On the final outing in our ten-day trip, we headed out after lunch, with Alistair at the helm of our bus, on our way to Inverness to catch our boat to Loch Ness. “If you come from Inverness, you’re called an Invernessian,” Alistair told us over the bus microphone. As we drove by a the river and saw some fisherman, he said, “If you’re a tourist, it costs 200-300 pounds (about $500 dollars) a day to fish and you’re not guaranteed to get a fish, but you are guaranteed to get eaten alive by midges.”
We love Alistair.
As we queued up for our boat ride, I heard Julie A. singing the theme song from Gilligan’s Island. Julie is always good for a song whenever the spirit moves her. This was our boat:
Once we boarded, I climbed up to the top deck of the ship. A crew member was scraping recent rain water off the wooden benches with a squeegee. Her black vest was emblazoned with small turquoise letters across the back.
I sat next to Dave, who was wearing his usual black jean shorts, tennis shoes with a plaid sweater. I was sitting beside him wearing jeans, a tank top, a cashmere sweater, the big green fleece coat I bought at the Army-Navy store, gloves and a rain poncho.
How could Dave so hot-blooded? Had he grown up in South Dakota? Minnesota? Fairbanks? When I asked, Dave said, “Nope. I’m from Philadelphia. It’s my Russian and Ukrainian blood. This is summer weather in Russia. It’s all relative you know.” As the canned narration on the boat welcomed us to the Jacobite Queen, Dave said, “Now I’ll really show you my Ukrainian blood,” and he started disrobing. This is why we all love Dave. He has a real appreciation for the absurd.
Eventually, I wandered down to the snack bar where they serve a variety of local ales: Nessie’s Monster Mash, Happy Chappy Ale and Thirsty Cross Scotch Cider. With your beverage of choice, you can also get Mackies Crisps in a Bag in flavors ranging from Haggis and Cracked Black Pepper to Flame Grilled Aberdeen Angus. I passed on both the ale and the crisps. I got a latte instead.
The view on either side of the Caledonia Canal reminded me of Ketchikan, Alaska where I lived more than 30 years ago. All that was missing were the bald eagles.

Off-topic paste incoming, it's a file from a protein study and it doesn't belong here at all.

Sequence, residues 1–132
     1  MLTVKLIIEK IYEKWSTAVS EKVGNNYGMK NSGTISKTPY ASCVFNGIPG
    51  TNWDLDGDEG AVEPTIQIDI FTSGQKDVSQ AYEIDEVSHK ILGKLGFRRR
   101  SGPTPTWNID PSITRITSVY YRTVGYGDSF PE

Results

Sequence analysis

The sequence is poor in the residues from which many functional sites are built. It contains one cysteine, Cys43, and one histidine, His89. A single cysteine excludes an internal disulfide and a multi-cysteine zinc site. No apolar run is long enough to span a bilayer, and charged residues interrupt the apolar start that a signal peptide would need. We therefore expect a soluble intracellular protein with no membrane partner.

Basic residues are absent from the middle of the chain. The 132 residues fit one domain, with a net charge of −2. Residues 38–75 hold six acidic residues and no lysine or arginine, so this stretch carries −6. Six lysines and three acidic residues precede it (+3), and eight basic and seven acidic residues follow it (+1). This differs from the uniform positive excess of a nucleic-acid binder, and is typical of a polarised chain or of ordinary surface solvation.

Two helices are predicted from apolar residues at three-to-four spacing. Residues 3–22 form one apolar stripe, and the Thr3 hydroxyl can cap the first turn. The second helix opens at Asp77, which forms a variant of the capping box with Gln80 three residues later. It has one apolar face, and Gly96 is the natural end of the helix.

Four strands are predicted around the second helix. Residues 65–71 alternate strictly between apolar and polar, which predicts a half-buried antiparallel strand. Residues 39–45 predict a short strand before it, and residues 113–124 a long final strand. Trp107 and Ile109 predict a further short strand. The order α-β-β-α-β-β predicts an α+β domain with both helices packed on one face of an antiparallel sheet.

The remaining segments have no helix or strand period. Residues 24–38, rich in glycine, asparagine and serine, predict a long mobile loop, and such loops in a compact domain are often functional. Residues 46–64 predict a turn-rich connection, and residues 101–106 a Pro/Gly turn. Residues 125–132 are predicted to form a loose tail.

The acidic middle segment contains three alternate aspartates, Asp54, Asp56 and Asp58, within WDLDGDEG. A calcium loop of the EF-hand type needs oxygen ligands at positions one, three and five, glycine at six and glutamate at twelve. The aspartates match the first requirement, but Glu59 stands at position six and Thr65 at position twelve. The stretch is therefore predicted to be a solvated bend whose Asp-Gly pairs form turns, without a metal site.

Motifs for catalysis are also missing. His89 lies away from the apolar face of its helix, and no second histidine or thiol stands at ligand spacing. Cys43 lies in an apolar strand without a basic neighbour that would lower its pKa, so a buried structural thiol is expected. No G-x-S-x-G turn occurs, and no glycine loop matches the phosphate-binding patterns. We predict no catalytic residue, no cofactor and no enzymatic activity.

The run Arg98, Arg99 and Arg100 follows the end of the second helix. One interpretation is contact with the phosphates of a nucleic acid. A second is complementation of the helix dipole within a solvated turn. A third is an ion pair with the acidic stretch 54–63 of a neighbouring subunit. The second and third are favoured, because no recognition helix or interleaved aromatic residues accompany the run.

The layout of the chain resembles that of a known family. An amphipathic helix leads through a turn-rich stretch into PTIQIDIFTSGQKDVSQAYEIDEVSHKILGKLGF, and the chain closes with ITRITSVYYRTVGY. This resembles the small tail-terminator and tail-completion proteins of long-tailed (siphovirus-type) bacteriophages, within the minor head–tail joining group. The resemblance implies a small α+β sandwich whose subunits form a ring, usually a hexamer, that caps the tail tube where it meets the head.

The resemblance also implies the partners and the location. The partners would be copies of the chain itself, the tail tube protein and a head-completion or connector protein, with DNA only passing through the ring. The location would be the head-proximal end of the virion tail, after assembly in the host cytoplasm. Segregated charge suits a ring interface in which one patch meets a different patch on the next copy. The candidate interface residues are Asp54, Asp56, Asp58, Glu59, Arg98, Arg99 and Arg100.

The ship stopped as we passed through one of the lochs that regulate the depth of the water leading into Loch Ness, this loch being one of eight that are known together as Neptune’s Staircase.
Loch Ness is stunning. It covers 21.8 square miles on its surface and is Britain’s second largest body of freshwater in terms of surface area. But its great depth, 754 feet deep, make it the biggest by volume. Because of the high peat content of the water, the water is extremely dark. As the boat brochure says, “With 263 billion cubic feet of water, certainly that’s enough for a mysterious creature or two.”
Records of sightings of “Nessie” date back to the 6th century. There were occasional reports across the next centuries, but with the communication possibilities of the 20th century, sightings increased dramatically and the legend of the Loch Ness Monster spread far and wide.
Numerous hoaxes have been exposed over the years, including the famous faked surgeon’s photograph of the Loch Ness Monster–an 8 inch construction made from a toy submarine and some plastic wood. Still, there have been enough sightings to promote extensive scientific expeditions that have searched for Nessie with sonar, submarines and ships of all kinds. Nothing has ever been proven, but the legend lives on and the tourist dollars keep rolling in.
At the other end of this relaxing boat cruise was a visit to Uruquart Castle, Loch Ness, a “mighty stronghold of kinds and clan chiefs for 500 years.” I watched an 8-minute movie in the visitor center that covered 1000 years of the castle’s history, starting with the Picts in 500 AD. This well-produced little movie basically showed men killing each other and taking over the castle in wars and attacks continuously, with short periods of peace, over the course of ten centuries. When the movie was over, the woman running the projector pulled back the curtains revealing a great panorama of the castle itself. Then I got to walk all through it–an amazing place.
I particularly liked these massive stone balls, over 70 kg each, that were hurled from a trebuchet, a huge medieval siege catapult, more than 200 meters to destroy castle walls and vanquish screaming, bloodthirsty, testosterone-filled foes bent on death, pillaging and destruction.
One of my favorite parts of touring these kinds of places are all the languages you hear as you walk around, as this good-bye wall attests:
And speaking of languages, our Jacobite tour guide on the bus back to Inverness told us that Gaelic is still widely spoken through the Highlands (where our retreat is centered) though it’s barely spoken in many other parts of Scotland. Gaelic, she told us, comes from six connected Celtic languages. There are even two local Gaelic speaking elementary schools and two Gaelic speaking colleges, one on the Isle of Skye and the other in Nova Scotia.
At the end of our journey back to Newbold House, we stopped at the train station so we could pick up our train tickets for our departure a day and a half from now, and there was the evidence right in the train station:
Tonight all my students are preparing for a reading of their work in the morning. Tomorrow is our last day – and all of us are certainly going to miss our adventures in Scotland and the amazing Newbold Community.